Machine to examine Titan’s methane lakes
Alex Kulpinski / Arizona Daily Wildcat
Dr. Wolfgang Fink works on the Tucson Explorer II, a robotic machine that has plans to be used to explore methane lakes on Titan, one of Mars’ moons.
An associate professor in the Department of Electrical and Computer Engineering has developed a machine to investigate the methane lakes on Titan, the largest moon of Saturn.
Tucson Explorer II, or TEX II, is a remote-controlled “lake lander” device that uses two hulls in a catamaran design to float across the surface of liquids. Mobility is controlled by two motors which spin two air propellers. Because of the machine’s twin-motor design, it has the ability to rotate on the liquid’s surface. TEX II has a 150-pound capacity in addition to the weight of the motors that it carries on its 6-foot by 5-foot platform.
Wolfgang Fink, an associate professor of biomedical engineering and electrical and computer engineering, as well as the founder and director of the UA Visual and Autonomous Exploration Systems Research Laboratory, spearheaded the TEX II project. The device itself is just one component to a larger project called “tier-scalable reconnaissance,” that involves several types of vehicles exploring Titan, including land rovers — which the department has already developed — as well as blimps and lake landers. These vehicles, Fink said, will ideally be able to “think” for themselves.
“What we ultimately set out to do is to develop truly autonomous systems,” he said. “We want to instill in machines a natural sense of curiosity and the ability to make sense of the data … so that the machine comes up with its own plan of action and executes it.”
Scientists are interested in Titan because it is the closest in atmospheric composition to Earth, Fink said. With an atmosphere four times as thick as our own and temperatures much colder, methane forms as a liquid and creates lakes. TEX II will use sonar technology to analyze the lakes, and the information will be processed by aircraft, which will control the machines on the ground and in the lakes.
“As a scientist, you would like to be on a planet yourself, but, for many reasons that’s not always feasible,” Fink added. “Therefore, you need to have the next best thing: a robotic explorer which can do, to some extent, what you can do as a human.”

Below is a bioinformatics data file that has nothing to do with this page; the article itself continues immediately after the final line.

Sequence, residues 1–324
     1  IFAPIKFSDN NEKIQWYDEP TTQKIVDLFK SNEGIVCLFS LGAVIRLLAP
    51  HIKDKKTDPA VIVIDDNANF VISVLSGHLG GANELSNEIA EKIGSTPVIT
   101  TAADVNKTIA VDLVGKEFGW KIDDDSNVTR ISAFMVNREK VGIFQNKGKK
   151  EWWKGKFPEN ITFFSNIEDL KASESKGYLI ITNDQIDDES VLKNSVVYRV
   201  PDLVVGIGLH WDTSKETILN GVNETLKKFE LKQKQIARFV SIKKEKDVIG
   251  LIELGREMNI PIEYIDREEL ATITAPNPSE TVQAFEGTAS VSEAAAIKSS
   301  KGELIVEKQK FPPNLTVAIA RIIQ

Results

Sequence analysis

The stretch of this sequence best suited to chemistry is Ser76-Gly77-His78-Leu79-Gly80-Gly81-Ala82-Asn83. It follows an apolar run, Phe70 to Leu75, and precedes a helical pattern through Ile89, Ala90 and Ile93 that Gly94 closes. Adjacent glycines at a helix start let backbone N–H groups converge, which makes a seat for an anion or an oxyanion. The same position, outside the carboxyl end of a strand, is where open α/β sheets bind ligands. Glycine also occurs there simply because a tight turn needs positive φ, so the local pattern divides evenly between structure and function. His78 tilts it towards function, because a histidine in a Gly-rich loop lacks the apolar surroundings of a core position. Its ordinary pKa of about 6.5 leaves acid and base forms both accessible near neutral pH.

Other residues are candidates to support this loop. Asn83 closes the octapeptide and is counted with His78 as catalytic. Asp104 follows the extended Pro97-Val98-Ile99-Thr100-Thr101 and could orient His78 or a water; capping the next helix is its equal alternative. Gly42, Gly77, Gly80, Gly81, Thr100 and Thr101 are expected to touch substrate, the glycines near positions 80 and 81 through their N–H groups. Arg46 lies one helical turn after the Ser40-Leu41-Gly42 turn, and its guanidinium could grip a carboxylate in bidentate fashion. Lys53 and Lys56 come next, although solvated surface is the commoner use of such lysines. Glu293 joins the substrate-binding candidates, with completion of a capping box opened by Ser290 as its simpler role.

Funding for the TEX II project so far has come from within the department, but Fink said that he and his colleagues will begin to solicit federal funding now that an actual device has been developed. This funding would be used to pay for the components that will make the device autonomous, he added.
Fink’s tier-scalable reconnaissance project has already seen nationwide recognition, earning him a NASA board award in 2009 before starting his work at the UA. The award was granted because of Fink’s idea to integrate land, aquatic, and aerial machines into space exploration — a concept that hadn’t been presented in past research. The work has also been published in Science magazine.
Alex Jacobs, an electrical and computer engineering graduate student, focused on the computer vision aspect of TEX II, furthering the machine’s autonomy by developing a system which will allow it to recognize interesting features in its environment that are worth exploring. Jacobs said he was glad to get positive recognition this early in his career.
“It’s exciting,” he added. “It’s wonderfully exciting to think that your work could actually be deployed in real life.”
Despite the project’s momentum, TEX II would be launched no earlier than 2016, Fink said, especially with NASA budget cuts that were proposed by President Barack Obama in February. If the project is deployed in 2016, it will arrive on Titan sometime in 2023.